From looking on yandex and other dictionaries I've seen a number of definitions of хоть:

  1. 'at least,' 'if nothing else' as in если не для него, то хоть для его товарища
  2. 'for example,' 'for instance' as in Возьмите хоть его друга
  3. 'although,' 'though' as in хоть она и устала, она продолжала работать.
  4. 'even' as in Я бы хотел иметь хоть часть этих денег

While I can understand the usage of хоть in all these sentences, its meaning becomes less clear in sentences like the following:

Я приду помочь вам хоть в чем-то translated as 'I'll come help you in a little bit'

В доме есть хоть что-нибудь поесть? translated as 'Is there something to eat at home?'

Он думал о том, как ему вставить хоть слово. translated as 'He thought about getting the word out'

У тебя есть хоть какая-нибудь идея, почему это произошло? translated as 'Have you any idea why it happened?'

None of the instances of хоть in these sentences seem to correspond to the definitions given in 1-4. How can the usage of хоть in these sentences be explained? Also, is there a difference in the usage of хоть and хотя?

3 Answers 3


In all the examples of the 2nd section "хоть" means "at least".


  1. Я приду помочь вам хоть в чем-то - literally means "I'll come help you at least with something" (=maybe I can't help you with all things but anyway can do something for you).
  2. ... (=maybe not many food, but at least something to eat)
  3. ... (=he realised he couldn't interrupt a talking person by a whole sentence but tried to understand if he could say at least a word during talking person's speech)
  4. ... (=it's not so easy to think of many ideas about it, but do you have at least one idea)

If you misunderstand something about the above examples, write in comments, I'll try to explain more clearly.

About "хоть" and "хотя".

Sometimes they are synonyms (when "хоть" means "though"): Хоть (=хотя) ты мне друг, я не дам тебе ключи. - Though you're my friend, I won't give you the keys. But sometimes "хотя" instead of "хоть" sounds a bit unnatural and it's hard to explain all the nuances (but sure, it's ok for foreigners, I know that my English sounds unnatural too :) )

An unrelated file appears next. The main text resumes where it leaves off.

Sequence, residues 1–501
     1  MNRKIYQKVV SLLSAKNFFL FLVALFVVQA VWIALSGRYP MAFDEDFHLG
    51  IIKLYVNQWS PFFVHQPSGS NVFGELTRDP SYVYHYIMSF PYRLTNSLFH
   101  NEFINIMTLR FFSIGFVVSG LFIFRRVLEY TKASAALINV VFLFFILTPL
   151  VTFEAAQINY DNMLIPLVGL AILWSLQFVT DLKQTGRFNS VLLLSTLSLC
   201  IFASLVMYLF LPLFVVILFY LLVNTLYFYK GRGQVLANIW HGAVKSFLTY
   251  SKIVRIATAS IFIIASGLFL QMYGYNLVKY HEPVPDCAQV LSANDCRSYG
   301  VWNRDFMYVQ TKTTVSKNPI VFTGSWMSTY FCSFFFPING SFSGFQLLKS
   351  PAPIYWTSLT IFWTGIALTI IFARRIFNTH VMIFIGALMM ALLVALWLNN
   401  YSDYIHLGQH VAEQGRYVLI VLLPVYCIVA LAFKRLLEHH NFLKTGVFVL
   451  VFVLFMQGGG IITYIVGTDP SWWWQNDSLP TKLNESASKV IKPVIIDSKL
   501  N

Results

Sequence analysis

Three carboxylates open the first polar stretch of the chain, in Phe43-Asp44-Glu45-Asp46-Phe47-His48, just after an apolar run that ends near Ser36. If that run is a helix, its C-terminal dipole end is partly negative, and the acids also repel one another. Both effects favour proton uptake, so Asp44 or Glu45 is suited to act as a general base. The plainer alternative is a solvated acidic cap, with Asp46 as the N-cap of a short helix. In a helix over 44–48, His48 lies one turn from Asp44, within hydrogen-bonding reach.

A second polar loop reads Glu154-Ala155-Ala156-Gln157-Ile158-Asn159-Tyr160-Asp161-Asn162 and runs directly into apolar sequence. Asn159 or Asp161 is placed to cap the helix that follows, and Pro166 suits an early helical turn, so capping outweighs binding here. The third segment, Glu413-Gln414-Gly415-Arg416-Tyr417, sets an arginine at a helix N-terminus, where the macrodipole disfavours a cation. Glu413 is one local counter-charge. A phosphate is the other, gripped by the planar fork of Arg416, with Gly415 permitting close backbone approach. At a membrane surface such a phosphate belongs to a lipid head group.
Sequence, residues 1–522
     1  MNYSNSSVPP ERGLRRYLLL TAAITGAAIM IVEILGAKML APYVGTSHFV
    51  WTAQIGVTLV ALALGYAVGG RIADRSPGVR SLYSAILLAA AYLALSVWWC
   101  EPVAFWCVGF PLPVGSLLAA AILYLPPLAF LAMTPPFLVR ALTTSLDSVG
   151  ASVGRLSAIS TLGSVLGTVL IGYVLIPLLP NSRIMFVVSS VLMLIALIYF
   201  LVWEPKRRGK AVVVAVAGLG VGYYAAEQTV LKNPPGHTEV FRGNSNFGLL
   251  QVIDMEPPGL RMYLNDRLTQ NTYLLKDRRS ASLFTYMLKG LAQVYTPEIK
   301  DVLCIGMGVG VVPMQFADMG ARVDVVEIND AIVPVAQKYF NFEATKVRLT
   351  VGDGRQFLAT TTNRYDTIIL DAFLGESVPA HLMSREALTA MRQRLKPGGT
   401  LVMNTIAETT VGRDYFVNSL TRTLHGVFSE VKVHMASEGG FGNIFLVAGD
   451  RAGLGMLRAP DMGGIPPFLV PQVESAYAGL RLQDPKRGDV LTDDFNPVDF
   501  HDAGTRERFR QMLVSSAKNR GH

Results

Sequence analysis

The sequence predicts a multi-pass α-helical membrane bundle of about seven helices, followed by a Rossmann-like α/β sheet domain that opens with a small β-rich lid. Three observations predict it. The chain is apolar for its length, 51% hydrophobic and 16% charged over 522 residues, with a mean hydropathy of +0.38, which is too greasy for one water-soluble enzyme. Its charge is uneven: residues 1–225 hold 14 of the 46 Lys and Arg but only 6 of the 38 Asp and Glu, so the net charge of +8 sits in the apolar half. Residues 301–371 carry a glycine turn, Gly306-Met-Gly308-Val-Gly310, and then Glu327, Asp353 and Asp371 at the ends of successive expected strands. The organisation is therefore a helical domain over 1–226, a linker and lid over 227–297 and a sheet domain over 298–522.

If "хоть" means "at least" or "even", its synonym would be ("хотя бы") but NOT "хотя".

If "хоть" means "for example", neither "хотя" nor "хотя бы" instead would sound ok.

  • 3
    +1 but хотя бы as for example is fine
    – jwalker
    Jan 13, 2016 at 5:23
  • @jwalker ah, yup, that's right. Sorry for missing it in the answer. Jan 13, 2016 at 13:22
  • Thank you for your response, I think that clears things up. Jan 14, 2016 at 0:09
  • I'm trying to edit the last sentence, taking into account the comments. The sentence currently reads like this: <If "хоть" means "for example", neither "хотя" nor "хотя бы" instead would sound ok.> Do you mean this? (1) <If "хоть" means "for example", "хотя" is not correct, but "хотя бы" would sound ok.> Or this? (2) <If "хоть" means "for example", neither "хотя" nor "хотя бы" would sound ok.> Based on the discussion in the comments so far, I think that (1) is correct, but I'm not sure.
    – Alan
    Dec 17, 2017 at 23:36

Two more meanings not explicitly mentioned here.

  1. Even if (something happens)

Мне лягушку хоть сахаром облепи, не возьму её в рот... (Гоголь, "Мёртвые души")

(Even if you cover that frog with sugar for me, I'll never eat it.)

  1. Be it [one thing] or [another] ("хоть, ... хоть..." - double or multiple usage of хоть)

Хоть в дождь, хоть в снег - команда выйдет на поле.

(Be it rain or snow, the team will play.)

  • Okay, thank you for your response. I particularly like your dead souls quote. Jan 14, 2016 at 0:09

Yes, your dictionary is incomplete. Хоть is not restricted to concessive (though/although; even though; either ... or) or limiting (for instance) particles.

Хоть could also be an intensifying particle similar to either at least, or even, or any / no matter what (with indefinite and relative pronouns). In your examples 1, 3 it means "at least"; in 2, 4 - "any / no matter what".

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